For those used to hearing about cultural protectionism from more than a few Francophone Canadians in Quebec, it may or may not surprise you that this attitude can be found in even more zealous portions in France.
Reuters has reported that French nationals are far from pleased with billboards popping up across the country featuring Asterix and his Gallic comrades enjoying a celebratory feast at McDonalds. The fact that the first Asterix story was published in 1959, well into the era of ubiquitously commercialized fiction and more than a decade after McDonalds restaurants had become established as a franchise, the character is still valued as an historical symbol of cultural purity. This is evidenced by the resulting online backlash:
“My childhood hero sacrificed like a wild boar! What next? Tintin eating at Subway?” said one horrified blogger called sirchmallow.
“How ironic, the indomitable Gauls making an advert for the invaders,” was another outraged comment on Twitter.
France has a strong tradition of viciously defending their culture, insisting that their heritage is somehow more at risk of being eroded by globalization and American influence than that of any other European nation. In fact, they are one of the few western countries outside of Canada that enforces quotas for nationally produced content on television. McDonalds has been a popular target for the protectionist movement in recent years, most notably in 2001 when José Bové, an activist who has been noted for his uncanny resemblance to Asterix, bulldozed a McDonalds restaurant in protest.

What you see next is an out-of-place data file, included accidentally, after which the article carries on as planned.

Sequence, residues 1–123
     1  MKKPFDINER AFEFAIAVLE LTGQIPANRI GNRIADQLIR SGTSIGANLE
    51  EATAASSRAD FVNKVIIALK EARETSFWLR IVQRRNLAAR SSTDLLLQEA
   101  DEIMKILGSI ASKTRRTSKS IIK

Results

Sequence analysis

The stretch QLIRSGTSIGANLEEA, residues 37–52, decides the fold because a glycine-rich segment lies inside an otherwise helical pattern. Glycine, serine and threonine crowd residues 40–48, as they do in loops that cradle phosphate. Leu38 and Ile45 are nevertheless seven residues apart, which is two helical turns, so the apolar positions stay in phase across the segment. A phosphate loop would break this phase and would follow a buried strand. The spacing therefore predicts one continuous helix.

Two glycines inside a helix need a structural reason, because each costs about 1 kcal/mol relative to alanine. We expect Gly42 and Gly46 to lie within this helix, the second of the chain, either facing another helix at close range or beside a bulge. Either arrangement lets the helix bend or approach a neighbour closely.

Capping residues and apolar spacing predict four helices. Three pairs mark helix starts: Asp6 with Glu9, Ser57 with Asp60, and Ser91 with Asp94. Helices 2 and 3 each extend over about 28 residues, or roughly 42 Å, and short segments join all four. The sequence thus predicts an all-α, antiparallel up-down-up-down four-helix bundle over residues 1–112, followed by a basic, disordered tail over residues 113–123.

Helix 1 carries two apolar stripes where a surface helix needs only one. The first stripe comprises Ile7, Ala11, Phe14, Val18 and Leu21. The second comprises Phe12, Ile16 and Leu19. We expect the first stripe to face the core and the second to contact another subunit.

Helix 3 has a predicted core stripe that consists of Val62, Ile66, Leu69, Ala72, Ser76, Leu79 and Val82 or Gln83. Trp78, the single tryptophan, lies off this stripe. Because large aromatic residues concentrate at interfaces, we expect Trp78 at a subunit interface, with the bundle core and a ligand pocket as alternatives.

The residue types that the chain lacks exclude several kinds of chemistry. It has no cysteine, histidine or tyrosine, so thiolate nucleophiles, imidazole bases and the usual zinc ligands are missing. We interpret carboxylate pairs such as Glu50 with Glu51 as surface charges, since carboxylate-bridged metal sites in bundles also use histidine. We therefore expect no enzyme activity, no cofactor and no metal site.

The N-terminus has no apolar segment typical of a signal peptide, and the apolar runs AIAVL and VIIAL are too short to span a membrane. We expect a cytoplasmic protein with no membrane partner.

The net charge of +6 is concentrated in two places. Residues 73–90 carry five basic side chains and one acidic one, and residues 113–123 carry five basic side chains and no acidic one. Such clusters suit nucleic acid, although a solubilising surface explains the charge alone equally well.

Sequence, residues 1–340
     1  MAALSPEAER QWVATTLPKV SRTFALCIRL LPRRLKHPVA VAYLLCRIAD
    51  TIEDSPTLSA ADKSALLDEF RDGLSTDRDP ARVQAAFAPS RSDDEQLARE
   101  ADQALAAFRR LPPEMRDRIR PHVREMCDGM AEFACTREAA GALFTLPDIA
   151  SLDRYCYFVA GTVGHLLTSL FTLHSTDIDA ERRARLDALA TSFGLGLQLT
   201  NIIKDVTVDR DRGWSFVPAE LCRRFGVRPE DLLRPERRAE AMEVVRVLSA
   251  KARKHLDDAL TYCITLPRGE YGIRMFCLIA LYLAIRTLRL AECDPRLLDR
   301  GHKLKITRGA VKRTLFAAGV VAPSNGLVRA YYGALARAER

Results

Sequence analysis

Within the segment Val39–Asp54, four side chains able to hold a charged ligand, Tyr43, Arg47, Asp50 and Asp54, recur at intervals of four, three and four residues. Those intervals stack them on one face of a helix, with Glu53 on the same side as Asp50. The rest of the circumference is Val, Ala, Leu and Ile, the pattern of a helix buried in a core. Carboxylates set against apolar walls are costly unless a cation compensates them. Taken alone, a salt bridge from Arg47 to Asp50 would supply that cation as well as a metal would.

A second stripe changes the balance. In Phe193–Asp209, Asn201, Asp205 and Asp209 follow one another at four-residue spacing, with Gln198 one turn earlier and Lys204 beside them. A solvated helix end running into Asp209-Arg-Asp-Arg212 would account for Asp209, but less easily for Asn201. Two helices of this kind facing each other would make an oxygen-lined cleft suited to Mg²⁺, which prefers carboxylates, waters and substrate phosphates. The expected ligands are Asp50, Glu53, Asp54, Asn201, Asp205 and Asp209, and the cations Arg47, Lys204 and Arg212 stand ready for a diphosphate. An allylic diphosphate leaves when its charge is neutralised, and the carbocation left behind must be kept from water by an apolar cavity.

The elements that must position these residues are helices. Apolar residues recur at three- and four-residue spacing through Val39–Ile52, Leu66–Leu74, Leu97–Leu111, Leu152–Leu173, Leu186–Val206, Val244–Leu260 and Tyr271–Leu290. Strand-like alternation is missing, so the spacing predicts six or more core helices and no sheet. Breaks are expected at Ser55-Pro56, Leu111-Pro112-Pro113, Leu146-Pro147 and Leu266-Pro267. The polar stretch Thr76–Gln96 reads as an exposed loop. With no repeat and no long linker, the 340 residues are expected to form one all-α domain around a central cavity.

What makes French culture so much more susceptible to globalization than the likes of Germany or Spain remains a mystery.
The need to preserve Francophone language and culture in Quebec is considerably more justifiable, given that they are surrounded by an entire continent of Anglophone influence. At the same time, one can’t help but feel that radical attitudes of Quebec protectionism are at least a little discredited by these overbearing cultural roots.